Rating: 4.5 out of 5 stars
This is my third du Maurier read (Rebecca, The Frenchman's Creek), not counting short stories, and I think it's just a tiny fraction of a star behind Rebecca, which is high praise.
This is a gigantic book and, really, it's unbalanced. It drags on and on then has fits and starts of action, and it skips around from maybe Gothic to maybe historical fiction to maybe romance and never really decides what it wants to be. By all rights, I should have hated this book.
Except, I loved it. I was enthralled by du Maurier's writing and her characters. Even though most of the characters weren't particularly likable, I couldn't help getting invested in their stories.
Dick is disgustingly weak. Gartred is evil. Richard is probably the worst romantic hero in the world, mostly because he's absolutely detestable as a person even though he is kind to Honor. Honor, at least, is likable, even if I did disagree with a lot of her decisions. I felt at the edge of my seat and the tense character interactions served as the main source of action.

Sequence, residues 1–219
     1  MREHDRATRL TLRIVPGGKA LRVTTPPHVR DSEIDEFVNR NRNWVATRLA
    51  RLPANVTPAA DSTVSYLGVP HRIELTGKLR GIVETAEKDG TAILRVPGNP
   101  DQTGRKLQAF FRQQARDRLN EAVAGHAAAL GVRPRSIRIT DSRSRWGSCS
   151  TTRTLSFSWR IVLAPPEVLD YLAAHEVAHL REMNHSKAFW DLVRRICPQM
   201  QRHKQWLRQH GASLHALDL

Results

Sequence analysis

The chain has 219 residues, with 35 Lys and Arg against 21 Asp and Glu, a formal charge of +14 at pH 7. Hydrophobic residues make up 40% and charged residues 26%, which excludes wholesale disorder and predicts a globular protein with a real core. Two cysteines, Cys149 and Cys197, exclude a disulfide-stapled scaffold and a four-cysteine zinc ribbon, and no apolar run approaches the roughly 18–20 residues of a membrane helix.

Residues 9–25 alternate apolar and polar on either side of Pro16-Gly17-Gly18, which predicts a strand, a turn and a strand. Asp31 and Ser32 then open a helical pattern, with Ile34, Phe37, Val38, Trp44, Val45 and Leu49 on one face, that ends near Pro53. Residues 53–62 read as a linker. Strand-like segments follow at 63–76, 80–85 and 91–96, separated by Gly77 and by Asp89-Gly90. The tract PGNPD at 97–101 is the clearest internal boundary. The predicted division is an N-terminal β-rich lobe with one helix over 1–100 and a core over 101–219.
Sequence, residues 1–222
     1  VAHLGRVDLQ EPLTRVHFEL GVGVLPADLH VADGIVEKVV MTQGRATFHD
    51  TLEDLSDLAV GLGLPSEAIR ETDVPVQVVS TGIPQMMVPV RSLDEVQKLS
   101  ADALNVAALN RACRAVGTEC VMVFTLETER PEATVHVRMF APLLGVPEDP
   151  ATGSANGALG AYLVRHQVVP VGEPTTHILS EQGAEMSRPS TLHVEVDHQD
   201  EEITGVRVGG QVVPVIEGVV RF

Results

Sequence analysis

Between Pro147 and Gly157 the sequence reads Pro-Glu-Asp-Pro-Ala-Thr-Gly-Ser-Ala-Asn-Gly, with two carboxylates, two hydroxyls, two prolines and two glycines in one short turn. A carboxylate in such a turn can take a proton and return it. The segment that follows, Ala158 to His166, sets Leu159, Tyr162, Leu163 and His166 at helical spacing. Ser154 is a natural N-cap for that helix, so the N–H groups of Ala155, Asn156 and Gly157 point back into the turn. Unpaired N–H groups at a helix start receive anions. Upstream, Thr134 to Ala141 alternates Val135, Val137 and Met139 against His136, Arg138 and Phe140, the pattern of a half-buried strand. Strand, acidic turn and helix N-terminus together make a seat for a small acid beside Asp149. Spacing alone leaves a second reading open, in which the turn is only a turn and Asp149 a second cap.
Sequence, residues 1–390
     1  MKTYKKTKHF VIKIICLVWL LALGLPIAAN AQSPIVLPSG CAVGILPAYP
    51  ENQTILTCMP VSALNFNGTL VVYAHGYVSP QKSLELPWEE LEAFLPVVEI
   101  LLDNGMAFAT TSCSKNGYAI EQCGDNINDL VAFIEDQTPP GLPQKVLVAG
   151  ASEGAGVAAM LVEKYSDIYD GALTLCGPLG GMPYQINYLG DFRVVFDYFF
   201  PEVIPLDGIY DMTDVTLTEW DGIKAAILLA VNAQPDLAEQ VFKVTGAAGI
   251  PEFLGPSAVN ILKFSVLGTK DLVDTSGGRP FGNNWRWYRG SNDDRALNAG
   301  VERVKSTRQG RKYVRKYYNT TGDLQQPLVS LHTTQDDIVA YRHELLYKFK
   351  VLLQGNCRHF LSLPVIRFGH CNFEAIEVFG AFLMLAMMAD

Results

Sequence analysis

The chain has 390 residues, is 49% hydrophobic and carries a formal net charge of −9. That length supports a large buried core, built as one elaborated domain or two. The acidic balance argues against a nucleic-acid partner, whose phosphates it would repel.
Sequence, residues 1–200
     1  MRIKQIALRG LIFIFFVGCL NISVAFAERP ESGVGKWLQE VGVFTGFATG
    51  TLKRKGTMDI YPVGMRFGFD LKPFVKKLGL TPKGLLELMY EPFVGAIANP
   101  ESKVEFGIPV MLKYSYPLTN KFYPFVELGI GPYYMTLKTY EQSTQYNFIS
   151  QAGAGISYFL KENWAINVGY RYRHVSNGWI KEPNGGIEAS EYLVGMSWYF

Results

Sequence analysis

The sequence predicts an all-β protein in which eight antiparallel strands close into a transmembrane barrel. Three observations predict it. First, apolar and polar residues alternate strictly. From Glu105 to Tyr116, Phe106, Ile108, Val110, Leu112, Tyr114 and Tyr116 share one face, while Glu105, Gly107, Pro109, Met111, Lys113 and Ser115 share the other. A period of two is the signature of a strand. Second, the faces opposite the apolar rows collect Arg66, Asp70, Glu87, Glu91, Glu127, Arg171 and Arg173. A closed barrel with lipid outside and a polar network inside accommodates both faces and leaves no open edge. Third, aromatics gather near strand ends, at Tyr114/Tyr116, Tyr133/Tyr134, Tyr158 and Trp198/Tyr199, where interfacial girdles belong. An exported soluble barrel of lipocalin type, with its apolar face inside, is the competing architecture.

The skips from one style to another also helped keep my interest. The gothic-esque parts were typically du Maurier-chilling, the historical fiction parts (particularly the occupation) were perfectly infuriating in all the right ways, and the simmering hatred between Honor and Gartred was top notch.
It's a strange book, but definitely one that held my attention and lingers with me still. I'm also solidly convinced that Daphne du Maurier is one of my favorite writers.